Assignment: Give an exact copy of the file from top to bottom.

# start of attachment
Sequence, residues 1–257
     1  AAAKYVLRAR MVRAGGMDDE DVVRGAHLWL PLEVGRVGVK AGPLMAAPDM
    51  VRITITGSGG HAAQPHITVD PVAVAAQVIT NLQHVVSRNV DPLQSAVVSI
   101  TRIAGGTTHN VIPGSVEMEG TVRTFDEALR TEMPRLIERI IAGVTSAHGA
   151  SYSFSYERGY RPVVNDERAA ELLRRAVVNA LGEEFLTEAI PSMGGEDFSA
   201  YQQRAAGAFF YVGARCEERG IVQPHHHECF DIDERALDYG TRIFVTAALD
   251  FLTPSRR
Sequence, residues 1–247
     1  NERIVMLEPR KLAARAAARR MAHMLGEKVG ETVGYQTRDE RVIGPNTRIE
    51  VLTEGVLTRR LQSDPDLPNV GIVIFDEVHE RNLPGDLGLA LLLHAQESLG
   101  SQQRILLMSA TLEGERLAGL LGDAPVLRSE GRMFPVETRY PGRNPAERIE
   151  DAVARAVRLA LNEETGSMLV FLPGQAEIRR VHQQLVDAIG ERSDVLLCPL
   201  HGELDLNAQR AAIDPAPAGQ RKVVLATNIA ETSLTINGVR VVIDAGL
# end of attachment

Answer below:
Sequence, residues 1–257
     1  AAAKYVLRAR MVRAGGMDDE DVVRGAHLWL PLEVGRVGVK AGPLMAAPDM
    51  VRITITGSGG HAAQPHITVD PVAVAAQVIT NLQHVVSRNV DPLQSAVVSI
   101  TRIAGGTTHN VIPGSVEMEG TVRTFDEALR TEMPRLIERI IAGVTSAHGA
   151  SYSFSYERGY RPVVNDERAA ELLRRAVVNA LGEEFLTEAI PSMGGEDFSA
   201  YQQRAAGAFF YVGARCEERG IVQPHHHECF DIDERALDYG TRIFVTAALD
   251  FLTPSRR
Sequence, residues 1–247
     1  NERIVMLEPR KLAARAAARR MAHMLGEKVG ETVGYQTRDE RVIGPNTRIE
    51  VLTEGVLTRR LQSDPDLPNV GIVIFDEVHE RNLPGDLGLA LLLHAQESLG
   101  SQQRILLMSA TLEGERLAGL LGDAPVLRSE GRMFPVETRY PGRNPAERIE
   151  DAVARAVRLA LNEETGSMLV FLPGQAEIRR VHQQLVDAIG ERSDVLLCPL
   201  HGELDLNAQR AAIDPAPAGQ RKVVLATNIA ETSLTINGVR VVIDAGL